Having narrowly dodged being devoured by NBC for the second time, Hannibal once again lent credence to the idea that only the good die young (and messy). Just not yet.
After a stellar first season, Bryan Fuller’s take on Thomas Harris’ world of cultured intrigue and cannibal carnage took things even farther for its second outing, setting up a ticking clock from the start while Hannibal and his frienemy Will Graham engage in a deadly game of cat and mouse. Like season 1, Hannibal’s second outing is saturated in the same expressionist visuals and psychological madness as before, and while it doesn’t all work, this new season ramps things up with urgency and a genuine uncertainty at how far things will escalate. And who will be left in one piece.
Hannibal is a weird show — unlike anything on TV, even. As much as it hurts to say it, it’s a little understandable why it’s not doing well in the ratings. It’s tone is so far outside the normal realm of television standards that it can come off as off-putting. What it really is is challenging.
At every turn (well, almost), Hannibal stretches the boundaries of comfort and convention. In a television landscape of noise and over-explanation, the show basks in quiet, mumbly reflection. We the audience have to work for answers as we are rarely are given an omniscient look into the situation until the characters are — we know what’s going on when they do. Like the titular character, Fully and company craft a sophisticated show that does not baby its audience.
The relationship between Will Graham and Hannibal Lector is a wonderfully complicated one, and one that defies every archetype of male interaction on television (brilliantly explored in a recent NPR article). The entire heart of the show is these two having deep, philosophical conversations that outline the larger themes at play, over some of the most artful meals ever put to screen. They do not need to posture their masculinity to each other, as they understand one another too much for that sort of thing.
Instead, the dichotomy between the two carries the show. Will and Hannibal are two sides of a coin — dark and light, heaven and hell — and watching them play tug of war with ideology is fascinating. It’s just one of the things that puts this show so far beyond regular crime dramas and while the actual interplay often needs subtitles (the entire show operates on a softer volume than the average bear), Mads Mikkelson and Hugh Dancy kill it on a routine basis.
Season one made a name for itself with its ridiculously artful gore. Season two looks back and says “what, you thought that was gross?”. Nearly every episode features some assortment of stomach-turning carnage, that is executed so beautifully that it looks as if it should be in a museum somewhere. Last season’s champ was the mushroom corpses (by a narrow margin) — this season features too many to count, but as someone with an aversion to bees, one episode had something special just for me.
Structurally, season two follows a mostly similar pattern as season one. The first chunk of episodes sees a series of gruesome crimes occurring while Hannibal operates in the background. A sort of shift happens midway through and the third quarter sees a lot of reality twisting and blurred lines before things intensify in the last couple episodes and end on similar notes. This season has its share of weak episodes (the courtroom episode and all involving the animal-man didn’t measure up) but the overall arcs succeeded, as both halves of the season ended on game-changing twists that nobody saw coming.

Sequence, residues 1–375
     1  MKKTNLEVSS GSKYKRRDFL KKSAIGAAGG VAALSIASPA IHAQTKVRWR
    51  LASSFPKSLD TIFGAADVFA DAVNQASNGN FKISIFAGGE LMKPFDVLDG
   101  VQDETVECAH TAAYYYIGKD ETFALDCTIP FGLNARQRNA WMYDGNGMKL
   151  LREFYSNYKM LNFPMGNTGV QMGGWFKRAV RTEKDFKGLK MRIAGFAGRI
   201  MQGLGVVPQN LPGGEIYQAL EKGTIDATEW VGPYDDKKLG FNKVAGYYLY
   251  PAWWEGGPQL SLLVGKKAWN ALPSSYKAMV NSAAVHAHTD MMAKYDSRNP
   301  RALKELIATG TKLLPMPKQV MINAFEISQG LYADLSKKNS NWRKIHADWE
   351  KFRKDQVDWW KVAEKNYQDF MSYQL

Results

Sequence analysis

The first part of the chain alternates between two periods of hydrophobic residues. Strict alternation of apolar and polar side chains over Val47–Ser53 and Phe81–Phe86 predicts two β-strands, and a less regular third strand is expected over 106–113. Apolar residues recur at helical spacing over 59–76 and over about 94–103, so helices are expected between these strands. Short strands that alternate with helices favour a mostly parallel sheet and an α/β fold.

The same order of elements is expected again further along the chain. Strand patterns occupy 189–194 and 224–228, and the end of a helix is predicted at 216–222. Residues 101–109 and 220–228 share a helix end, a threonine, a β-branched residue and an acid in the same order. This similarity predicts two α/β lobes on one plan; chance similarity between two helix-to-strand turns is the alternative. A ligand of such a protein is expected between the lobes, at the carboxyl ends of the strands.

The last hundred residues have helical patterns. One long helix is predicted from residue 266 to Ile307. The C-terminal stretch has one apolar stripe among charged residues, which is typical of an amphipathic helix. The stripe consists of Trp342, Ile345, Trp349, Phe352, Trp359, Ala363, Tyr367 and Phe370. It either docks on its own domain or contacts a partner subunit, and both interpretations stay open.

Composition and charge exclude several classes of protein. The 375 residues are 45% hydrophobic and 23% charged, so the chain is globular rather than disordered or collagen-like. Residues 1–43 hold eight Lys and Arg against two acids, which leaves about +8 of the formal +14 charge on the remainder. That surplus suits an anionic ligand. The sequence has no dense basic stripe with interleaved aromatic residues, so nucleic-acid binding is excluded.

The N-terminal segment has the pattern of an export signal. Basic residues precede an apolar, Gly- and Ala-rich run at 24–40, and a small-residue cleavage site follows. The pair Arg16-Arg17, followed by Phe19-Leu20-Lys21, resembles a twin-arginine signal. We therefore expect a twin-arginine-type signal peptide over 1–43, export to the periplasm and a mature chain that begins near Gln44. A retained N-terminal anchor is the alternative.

The major failing of season two has to be its female cast. Next to the main relationship between Will and Hannibal, the women on the show suffered. The general trend seemed to be “get gone or get dumb”. Smart, able characters like Freddie Lounds (Lara Jean Chorostecki) and Bedelia Du Maurier (Gillian Anderson) were absent for large chunks of the season, but were allowed to keep their wits about them. Meanwhile, previously sharp female characters like Alana Bloom (Caroline Dhavernas) and Beverly Katz (Hattienne Park) were present in big ways this season only to make one incredibly stupid, out-of-character decision after another that would bring doom upon them even faster. For a show that is so progressive in how it handles its males, it seemed odd to sacrifice the women players’ agency. Thankfully, there’s
always next season.
But the one wild card that came in like a storm and revitalized this season was Michael Parks’ performance as Mason Verger. The psychotic, pedophilic meat-packing heir from Harris’ Hannibal novel made an unexpectedly early appearance on the show and what an appearance it was. Parks is essentially playing The Joker here but Verger’s gleeful depravity is a perfect foil to Hannibal’s controlled, sophisticated madness. Fuller and company utilize the character perfectly and Parks steals every scene he’s in. His implied presence down the road is all the more reason to tune in.
Hannibal still has stories to tell and with this season pulling the rug out more than once, next season promises to be a different beast altogether. The road getting to this point wasn’t perfect but it was always engrossing. Hannibal is never content to play it safe and because of it, it’s all the more easy to let go and embrace the madness.